Video game makers call it “crunch” — the process of working nights and weekends to hit a tight deadline. But unlike other professions that might muster employees to work overtime in the final stretches of a project, in game development it can be a permanent, and debilitating, way of life.
Polish game developer CD Projekt Red, a subsidiary of CD Projekt SA, this week asked all of its employees to work six-day weeks in the lead-up to the November release of Cyberpunk 2077, one of the most hotly anticipated games of the fall, Bloomberg reported. But the new policy was just the formalization of an informal code that has long existed at the studio. Various departments at CD Projekt Red have already been working nights and weekends for weeks or months straight in order to meet deadlines, according to people who have worked there.
In early 2018, several CD Projekt Red developers had to crunch for months to finish the demo video they would present during the video game conference E3 in June, according to people who were involved. This year, in the midst of the global pandemic, many developers have been putting in lengthy hours to finish the game. Although the crunch wasn’t mandatory, it was happening anyway. CD Projekt Red studio head Adam Badowski acknowledged as much in his email to staff this week announcing the overtime.
“Much like everyone else at the studio, I, too, am overworked, mentally exhausted, and anxiously looking at the calendar,” Badowski wrote. He said he was aware that many employees had been testing their limits to bring the game to launch, efforts for which he was “immeasurably thankful!”
CD Projekt Red said last year that it was going to try to curb the culture of crunch. But Badowski said he found that there was no way around it. He said in a Twitter post that it was “one of the hardest decisions I’ve had to make.”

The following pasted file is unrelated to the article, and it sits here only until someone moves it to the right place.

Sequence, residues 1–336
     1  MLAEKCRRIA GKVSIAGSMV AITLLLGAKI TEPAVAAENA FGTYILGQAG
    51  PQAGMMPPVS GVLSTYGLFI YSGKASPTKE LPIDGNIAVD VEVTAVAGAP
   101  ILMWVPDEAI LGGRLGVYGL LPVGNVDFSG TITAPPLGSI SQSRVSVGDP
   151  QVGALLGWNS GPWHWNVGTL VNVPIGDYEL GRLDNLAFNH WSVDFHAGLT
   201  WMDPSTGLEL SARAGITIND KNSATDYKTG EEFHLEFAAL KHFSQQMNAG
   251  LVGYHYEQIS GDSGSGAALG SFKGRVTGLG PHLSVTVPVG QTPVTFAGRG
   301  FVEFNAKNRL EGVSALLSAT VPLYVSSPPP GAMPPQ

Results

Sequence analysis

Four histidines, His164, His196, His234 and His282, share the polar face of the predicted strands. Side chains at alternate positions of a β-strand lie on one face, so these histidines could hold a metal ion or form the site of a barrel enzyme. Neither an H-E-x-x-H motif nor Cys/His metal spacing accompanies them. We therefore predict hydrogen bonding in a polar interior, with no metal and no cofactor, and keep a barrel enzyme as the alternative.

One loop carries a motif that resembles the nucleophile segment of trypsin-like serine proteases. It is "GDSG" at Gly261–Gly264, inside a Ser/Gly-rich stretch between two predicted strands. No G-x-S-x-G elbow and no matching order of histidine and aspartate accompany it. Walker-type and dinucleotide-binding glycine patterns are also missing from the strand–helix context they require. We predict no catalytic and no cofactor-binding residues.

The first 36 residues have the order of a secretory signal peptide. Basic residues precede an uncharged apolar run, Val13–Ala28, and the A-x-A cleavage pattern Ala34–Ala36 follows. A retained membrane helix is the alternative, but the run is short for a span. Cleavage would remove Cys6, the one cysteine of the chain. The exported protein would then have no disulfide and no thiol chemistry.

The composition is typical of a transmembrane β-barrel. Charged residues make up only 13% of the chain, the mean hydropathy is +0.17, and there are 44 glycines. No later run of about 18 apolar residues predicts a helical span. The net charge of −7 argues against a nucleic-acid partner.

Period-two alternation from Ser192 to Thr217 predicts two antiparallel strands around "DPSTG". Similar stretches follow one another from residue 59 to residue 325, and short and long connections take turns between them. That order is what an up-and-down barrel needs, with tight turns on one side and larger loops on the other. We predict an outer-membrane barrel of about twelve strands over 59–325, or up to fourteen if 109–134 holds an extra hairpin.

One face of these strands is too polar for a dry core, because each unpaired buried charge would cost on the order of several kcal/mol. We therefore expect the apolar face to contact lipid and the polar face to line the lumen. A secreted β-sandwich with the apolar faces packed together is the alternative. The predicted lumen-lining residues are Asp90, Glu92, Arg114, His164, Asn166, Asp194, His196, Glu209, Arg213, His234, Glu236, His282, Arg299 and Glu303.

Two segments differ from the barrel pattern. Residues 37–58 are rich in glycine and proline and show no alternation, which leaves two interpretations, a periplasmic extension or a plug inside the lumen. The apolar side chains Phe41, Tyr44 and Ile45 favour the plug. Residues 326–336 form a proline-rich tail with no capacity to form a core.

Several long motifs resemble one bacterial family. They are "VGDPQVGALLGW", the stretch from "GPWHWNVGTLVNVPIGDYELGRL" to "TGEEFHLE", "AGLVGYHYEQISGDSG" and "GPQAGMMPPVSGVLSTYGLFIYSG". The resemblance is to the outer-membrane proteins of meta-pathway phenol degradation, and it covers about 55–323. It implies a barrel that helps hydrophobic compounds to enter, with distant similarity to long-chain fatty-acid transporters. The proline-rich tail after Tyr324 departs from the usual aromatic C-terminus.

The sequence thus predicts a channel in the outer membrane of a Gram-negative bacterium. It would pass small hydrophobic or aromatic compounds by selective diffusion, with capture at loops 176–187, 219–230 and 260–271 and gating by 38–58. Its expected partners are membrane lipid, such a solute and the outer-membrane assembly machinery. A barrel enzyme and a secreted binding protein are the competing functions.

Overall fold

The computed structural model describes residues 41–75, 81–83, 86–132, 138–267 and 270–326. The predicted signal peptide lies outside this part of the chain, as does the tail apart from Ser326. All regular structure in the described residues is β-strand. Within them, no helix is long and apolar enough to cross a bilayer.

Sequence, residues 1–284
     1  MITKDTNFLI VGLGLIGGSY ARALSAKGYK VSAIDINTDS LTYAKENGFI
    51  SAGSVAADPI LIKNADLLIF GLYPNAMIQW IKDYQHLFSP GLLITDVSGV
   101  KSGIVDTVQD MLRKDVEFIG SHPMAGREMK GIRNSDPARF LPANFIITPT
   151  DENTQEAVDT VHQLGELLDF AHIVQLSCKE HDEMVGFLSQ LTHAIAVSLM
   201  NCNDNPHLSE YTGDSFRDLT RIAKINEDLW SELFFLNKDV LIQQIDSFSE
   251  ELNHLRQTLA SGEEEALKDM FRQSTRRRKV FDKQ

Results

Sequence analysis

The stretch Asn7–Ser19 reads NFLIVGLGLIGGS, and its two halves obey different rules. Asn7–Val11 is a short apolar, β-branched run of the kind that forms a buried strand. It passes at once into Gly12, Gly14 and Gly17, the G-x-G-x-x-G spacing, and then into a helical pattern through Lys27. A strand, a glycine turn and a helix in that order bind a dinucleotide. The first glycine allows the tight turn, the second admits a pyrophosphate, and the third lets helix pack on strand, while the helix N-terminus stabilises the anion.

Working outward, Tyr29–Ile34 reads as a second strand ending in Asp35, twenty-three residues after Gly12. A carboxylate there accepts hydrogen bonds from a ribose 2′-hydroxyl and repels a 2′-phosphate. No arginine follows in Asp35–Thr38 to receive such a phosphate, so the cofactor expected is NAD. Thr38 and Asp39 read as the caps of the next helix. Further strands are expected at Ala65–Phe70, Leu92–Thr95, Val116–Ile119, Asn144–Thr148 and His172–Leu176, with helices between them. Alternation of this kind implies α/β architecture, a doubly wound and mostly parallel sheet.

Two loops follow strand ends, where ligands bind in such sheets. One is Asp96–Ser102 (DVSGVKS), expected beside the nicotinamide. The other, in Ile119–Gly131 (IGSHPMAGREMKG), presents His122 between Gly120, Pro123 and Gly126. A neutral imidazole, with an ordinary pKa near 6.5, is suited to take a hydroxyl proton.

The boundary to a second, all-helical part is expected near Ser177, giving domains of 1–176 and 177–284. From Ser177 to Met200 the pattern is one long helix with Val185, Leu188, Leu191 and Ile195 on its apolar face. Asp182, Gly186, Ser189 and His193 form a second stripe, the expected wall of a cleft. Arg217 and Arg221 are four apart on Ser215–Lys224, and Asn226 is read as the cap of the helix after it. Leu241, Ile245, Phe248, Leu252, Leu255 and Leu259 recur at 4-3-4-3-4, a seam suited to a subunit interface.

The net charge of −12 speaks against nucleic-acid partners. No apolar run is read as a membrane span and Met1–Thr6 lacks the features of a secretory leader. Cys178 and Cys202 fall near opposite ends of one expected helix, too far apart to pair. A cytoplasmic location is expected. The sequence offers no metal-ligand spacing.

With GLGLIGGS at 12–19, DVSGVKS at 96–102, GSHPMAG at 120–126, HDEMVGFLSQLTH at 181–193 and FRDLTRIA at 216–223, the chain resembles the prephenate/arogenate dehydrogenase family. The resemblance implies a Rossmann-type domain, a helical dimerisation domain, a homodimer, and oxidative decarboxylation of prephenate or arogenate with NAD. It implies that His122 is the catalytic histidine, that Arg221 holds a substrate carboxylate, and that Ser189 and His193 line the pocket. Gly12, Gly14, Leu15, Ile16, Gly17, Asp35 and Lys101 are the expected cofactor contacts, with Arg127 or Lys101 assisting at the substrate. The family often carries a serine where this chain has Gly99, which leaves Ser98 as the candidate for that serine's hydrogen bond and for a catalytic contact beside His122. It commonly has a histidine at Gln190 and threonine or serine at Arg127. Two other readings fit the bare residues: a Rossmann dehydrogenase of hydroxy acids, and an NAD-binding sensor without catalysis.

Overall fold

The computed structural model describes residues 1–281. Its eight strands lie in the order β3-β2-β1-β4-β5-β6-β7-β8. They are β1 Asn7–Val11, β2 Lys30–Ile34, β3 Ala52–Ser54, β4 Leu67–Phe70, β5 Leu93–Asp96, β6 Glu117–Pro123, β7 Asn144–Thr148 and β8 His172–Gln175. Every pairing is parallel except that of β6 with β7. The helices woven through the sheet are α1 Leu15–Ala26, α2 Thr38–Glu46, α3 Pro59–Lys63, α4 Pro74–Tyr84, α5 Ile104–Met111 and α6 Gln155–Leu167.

It’s a situation that has existed in the gaming industry for decades. Many other game developers have also cultivated reputations for running flat out. The list includes Take-Two Interactive Software Inc.’s Rockstar Games, the maker of Grand Theft Auto; Sony Corp.’s Naughty Dog, developer of The Last of Us; and Square Enix Holdings Co.’s Crystal Dynamics, the company behind the recent Marvel’s Avengers video game. As the industry prepares for another big holiday season, workers are putting in long hours to finish their games in time.
Few employees would object to putting in the occasional night or weekend, but crunch is a culture, an atmosphere, a state of mind. The video game writer Walt Williams described it as “a demon lord, hiding behind the no-charge Coke machine, laughing as you guzzle down those free sodas, knowing that each delicious slurp sells off tiny pieces of your soul.” During nonpandemic times, game companies provide free dinners and ample snacks in order to help keep people at their desks.
Often, bosses don’t even need to ask people to stay late. An artist may work well past 7 p.m. because all of their co-workers are still there and they don’t want to be the first to leave. A designer might feel compelled to come into the office on weekends to ensure that their favorite feature doesn’t get cut. The audio team might have to stay until 10 p.m. because they’re waiting on some other work that wasn’t ready until 5 p.m.
Even when a game company isn’t officially in crunch mode, its workers might still be crunching. The social pressures can be insurmountable.
Of course the worlds of finance, law and medicine are also notorious for keeping grueling hours that test the commitment of new recruits and can become a way of life. But those fields are also generally more lucrative than game development, in which some workers, particularly contractors, might make just $20 (¥2,100) an hour or less in big cities such as Los Angeles.
Badowski did reiterate CD Projekt Red’s policy of paying for extra hours and sharing 10 percent of the company’s annual profit among the studio’s employees. Many other studios don’t pay for overtime.
Crunch can be exhilarating for some workers, particularly those involved in games that millions of people will play, who may believe that sacrifice leads to great art. But it can also be oppressive and devastating. Workers in the gaming industry have recounted stories of destroyed marriages, hospitalizations and burnout as a result of crunch. There aren’t statistics for the number of veteran game developers who have fled the industry due to such pressure. But the consequences are clear.
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